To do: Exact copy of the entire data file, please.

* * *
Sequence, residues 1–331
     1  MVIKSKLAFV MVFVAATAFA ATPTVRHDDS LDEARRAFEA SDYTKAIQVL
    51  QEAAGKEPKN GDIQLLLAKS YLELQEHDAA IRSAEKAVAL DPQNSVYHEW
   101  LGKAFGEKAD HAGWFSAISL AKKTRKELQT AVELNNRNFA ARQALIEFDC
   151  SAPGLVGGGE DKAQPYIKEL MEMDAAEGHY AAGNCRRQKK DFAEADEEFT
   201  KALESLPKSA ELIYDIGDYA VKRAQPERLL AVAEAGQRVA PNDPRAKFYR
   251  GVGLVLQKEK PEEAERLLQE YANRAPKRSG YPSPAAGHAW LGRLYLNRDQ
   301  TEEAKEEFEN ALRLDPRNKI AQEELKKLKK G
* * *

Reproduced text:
Sequence, residues 1–331
     1  MVIKSKLAFV MVFVAATAFA ATPTVRHDDS LDEARRAFEA SDYTKAIQVL
    51  QEAAGKEPKN GDIQLLLAKS YLELQEHDAA IRSAEKAVAL DPQNSVYHEW
   101  LGKAFGEKAD HAGWFSAISL AKKTRKELQT AVELNNRNFA ARQALIEFDC
   151  SAPGLVGGGE DKAQPYIKEL MEMDAAEGHY AAGNCRRQKK DFAEADEEFT
   201  KALESLPKSA ELIYDIGDYA VKRAQPERLL AVAEAGQRVA PNDPRAKFYR
   251  GVGLVLQKEK PEEAERLLQE YANRAPKRSG YPSPAAGHAW LGRLYLNRDQ
   301  TEEAKEEFEN ALRLDPRNKI AQEELKKLKK G